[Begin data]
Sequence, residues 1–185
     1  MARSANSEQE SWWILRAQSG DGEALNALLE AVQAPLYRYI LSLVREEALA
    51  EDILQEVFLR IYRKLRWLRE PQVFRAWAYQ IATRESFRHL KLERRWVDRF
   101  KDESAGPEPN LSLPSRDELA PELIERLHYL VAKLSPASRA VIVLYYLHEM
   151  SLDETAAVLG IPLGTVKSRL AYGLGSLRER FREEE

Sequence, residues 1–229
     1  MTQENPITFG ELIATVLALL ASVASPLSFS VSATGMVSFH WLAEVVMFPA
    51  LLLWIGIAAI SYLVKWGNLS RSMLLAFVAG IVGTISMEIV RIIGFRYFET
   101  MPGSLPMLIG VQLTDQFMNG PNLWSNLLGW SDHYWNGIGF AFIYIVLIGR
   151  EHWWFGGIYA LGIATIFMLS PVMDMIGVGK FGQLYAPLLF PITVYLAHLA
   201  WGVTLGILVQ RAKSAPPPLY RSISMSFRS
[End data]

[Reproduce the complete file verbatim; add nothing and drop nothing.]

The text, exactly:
Sequence, residues 1–185
     1  MARSANSEQE SWWILRAQSG DGEALNALLE AVQAPLYRYI LSLVREEALA
    51  EDILQEVFLR IYRKLRWLRE PQVFRAWAYQ IATRESFRHL KLERRWVDRF
   101  KDESAGPEPN LSLPSRDELA PELIERLHYL VAKLSPASRA VIVLYYLHEM
   151  SLDETAAVLG IPLGTVKSRL AYGLGSLRER FREEE

Sequence, residues 1–229
     1  MTQENPITFG ELIATVLALL ASVASPLSFS VSATGMVSFH WLAEVVMFPA
    51  LLLWIGIAAI SYLVKWGNLS RSMLLAFVAG IVGTISMEIV RIIGFRYFET
   101  MPGSLPMLIG VQLTDQFMNG PNLWSNLLGW SDHYWNGIGF AFIYIVLIGR
   151  EHWWFGGIYA LGIATIFMLS PVMDMIGVGK FGQLYAPLLF PITVYLAHLA
   201  WGVTLGILVQ RAKSAPPPLY RSISMSFRS